REVIEW: The Sacrament

6 07 2014

The SacramentIt’s hard to think of any stylistic development of the past five years with quite the impact of found footage.  Once “Paranormal Activity” arrived out of nowhere with a resounding bang, it seemed like its DIY cinema verité aesthetic could be found wherever you looked.  From cop films (“End of Watch“) to superhero movies (“Chronicle“) and even teen party flicks (“Project X“), everyone was doing it – perhaps as a cost-cutting measure, or maybe just to fall in line with the newest trend.

Yet very few of these movies have actually committed to the style as the main vehicle for storytelling.  Ti West, on the other hand, employs it as more than a half-hearted gimmick in “The Sacrament.”  Under his direction, the camera becomes our eyes and ears, our only means of accessing the events of the narrative.  West’s dedication pays off in spades as his film constitutes one of the most absorbing and frightening experiences of the year.

I do wish West hadn’t been quite so beholden to recreating the Jonestown mass sacrifice (that’s the one with the Kool-Aid) since his command the technique creates a truly ominous atmosphere.  He doesn’t entirely recreate the famous cult settlement, but West does little more than essentially plant it in the present day.

The camera through which we experience “The Sacrament” comes courtesy of Vice reporters Jake and Sam (Joe Swanberg and AJ Bowen), who join colleague Patrick (Kentucker Audley) as he goes to check the safety of his sister Caroline (Amy Seimetz) at the mysterious commune Eden Parish.  The film begins with their extended journalistically-oriented overview of the group’s calm facade lasting nearly 45 minutes … but then the Vice team more or less causes the collapse of the Parish’s fragile community.

West, in the final hour, lets loose into an absolutely nightmarish terror.  “The Sacrament” quickly and efficiently shows the allure of a charismatic leader like Eden Parish’s “Father” (Gene Jones) and how quickly he can self-destruct the edifice he has built.  It’s not redefining the subgenre of cult horror, but West crafts one scarily good movie that ought to give anyone a potent fright.  B+3stars





REVIEW: Inglourious Basterds

24 08 2009

Quentin Tarantino has made movies the way he wants for nearly two decades now, and that is precisely what has made him one of the most beloved and distinguished directors in recent memory.  His latest outing, “Inglourious Basterds,” has been a pet project for over ten years.  It is Tarantino at the top of his game: gruesomely violent, side-splittingly hilarious, and outrageous fun.  It brings the high-energy approach that Tarantino takes to his classics set in the present day and applies it to World War II.  The result is a testosterone-pumping farce with a climax that will get you up out of your seats, screaming and applauding.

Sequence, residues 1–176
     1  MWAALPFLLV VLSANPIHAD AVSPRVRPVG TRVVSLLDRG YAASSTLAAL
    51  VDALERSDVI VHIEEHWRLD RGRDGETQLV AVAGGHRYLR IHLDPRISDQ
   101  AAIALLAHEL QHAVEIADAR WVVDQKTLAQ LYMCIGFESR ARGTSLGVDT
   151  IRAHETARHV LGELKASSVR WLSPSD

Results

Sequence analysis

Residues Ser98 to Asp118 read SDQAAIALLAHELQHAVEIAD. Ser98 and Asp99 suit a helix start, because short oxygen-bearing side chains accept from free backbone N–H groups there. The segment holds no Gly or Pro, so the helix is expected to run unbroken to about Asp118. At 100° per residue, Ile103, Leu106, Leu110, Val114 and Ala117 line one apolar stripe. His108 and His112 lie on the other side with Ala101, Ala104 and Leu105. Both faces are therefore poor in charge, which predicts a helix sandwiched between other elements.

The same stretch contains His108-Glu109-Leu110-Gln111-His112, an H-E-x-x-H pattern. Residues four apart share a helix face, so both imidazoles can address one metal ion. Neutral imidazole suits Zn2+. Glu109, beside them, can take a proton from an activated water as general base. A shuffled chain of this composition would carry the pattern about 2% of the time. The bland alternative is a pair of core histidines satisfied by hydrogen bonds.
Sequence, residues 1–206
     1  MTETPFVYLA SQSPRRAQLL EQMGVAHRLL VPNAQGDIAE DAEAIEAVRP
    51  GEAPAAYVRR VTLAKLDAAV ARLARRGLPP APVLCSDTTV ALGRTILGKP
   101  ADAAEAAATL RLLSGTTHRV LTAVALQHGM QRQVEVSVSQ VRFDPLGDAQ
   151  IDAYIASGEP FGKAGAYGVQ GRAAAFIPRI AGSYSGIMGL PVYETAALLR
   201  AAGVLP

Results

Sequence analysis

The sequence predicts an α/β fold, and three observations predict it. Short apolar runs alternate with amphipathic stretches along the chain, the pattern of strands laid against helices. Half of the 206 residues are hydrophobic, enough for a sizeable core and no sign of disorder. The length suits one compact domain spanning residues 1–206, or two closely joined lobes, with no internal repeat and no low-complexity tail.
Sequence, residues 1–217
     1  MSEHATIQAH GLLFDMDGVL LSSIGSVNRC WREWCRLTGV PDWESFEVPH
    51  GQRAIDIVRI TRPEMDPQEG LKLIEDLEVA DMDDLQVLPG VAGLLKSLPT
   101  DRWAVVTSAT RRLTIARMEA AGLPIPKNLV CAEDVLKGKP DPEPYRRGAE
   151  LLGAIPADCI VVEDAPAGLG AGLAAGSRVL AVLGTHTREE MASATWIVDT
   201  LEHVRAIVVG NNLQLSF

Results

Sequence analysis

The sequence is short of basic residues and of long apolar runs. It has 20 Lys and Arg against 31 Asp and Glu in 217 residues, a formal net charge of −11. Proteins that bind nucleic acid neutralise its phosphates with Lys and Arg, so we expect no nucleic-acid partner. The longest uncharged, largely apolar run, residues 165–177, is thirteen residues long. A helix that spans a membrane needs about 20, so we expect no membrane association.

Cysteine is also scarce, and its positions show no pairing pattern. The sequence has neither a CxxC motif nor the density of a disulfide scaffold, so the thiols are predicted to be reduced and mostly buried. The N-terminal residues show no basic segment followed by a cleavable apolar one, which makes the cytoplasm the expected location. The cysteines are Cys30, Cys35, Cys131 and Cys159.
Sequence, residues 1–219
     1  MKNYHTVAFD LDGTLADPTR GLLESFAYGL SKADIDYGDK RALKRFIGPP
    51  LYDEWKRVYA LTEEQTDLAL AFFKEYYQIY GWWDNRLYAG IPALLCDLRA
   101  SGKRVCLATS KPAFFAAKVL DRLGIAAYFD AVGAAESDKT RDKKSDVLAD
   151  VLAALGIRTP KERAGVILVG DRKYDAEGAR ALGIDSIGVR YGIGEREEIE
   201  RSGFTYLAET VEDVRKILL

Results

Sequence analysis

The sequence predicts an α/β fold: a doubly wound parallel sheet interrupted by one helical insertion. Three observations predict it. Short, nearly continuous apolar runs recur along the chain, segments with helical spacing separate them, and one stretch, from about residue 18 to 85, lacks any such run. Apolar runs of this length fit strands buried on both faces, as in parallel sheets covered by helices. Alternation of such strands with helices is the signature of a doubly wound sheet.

The movie revolves around Lt. Aldo Raine, played to hysterical brilliance by Brad Pitt, and his team of “Basterds,” comprised of Jewish-American soldiers on a mission to brutally massacre the Nazi soldiers in France out of nothing but cold vengeance.  But Tarantino’s story consists of multiple layers that contribute to his five-part harmony.  Perhaps the most chilling is the loquacious Col. Hans Landa (Christoph Waltz), better known among the French as “The Jew Hunter.”  Landa is always one step ahead of the game, and every scene in which he appears brings you to the edge of your seat.  He radiates a very calm exterior, but on the inside, he seems to be a ticking time bomb.  This aspect lends an aura of suspense to his character as we eagerly await him to just explode with anger.

The story also follows Shoshanna Dreyfus (Mélanie Laurent), the lone survivor of the Nazis massacre of her family who then becomes motivated to avenge their deaths.  She finds the perfect opportunity when German war hero turned Nazi propaganda movie star Frederick Zoller (Daniel Brühl) becomes smitten with her.  He wants to host hundreds of high-ranking Nazis for the premiere of his movie at the theater that she owns.  Her plan is to torch the theater.  Meanwhile, unbeknownst to Shoshanna, the British are organizing a plot to blow up the theater along with the Basterds and a German movie star gone spy named Bridget von Hammersmark (Diane Kruger).  The collision of the story lines results in a final act that will not soon be forgotten.

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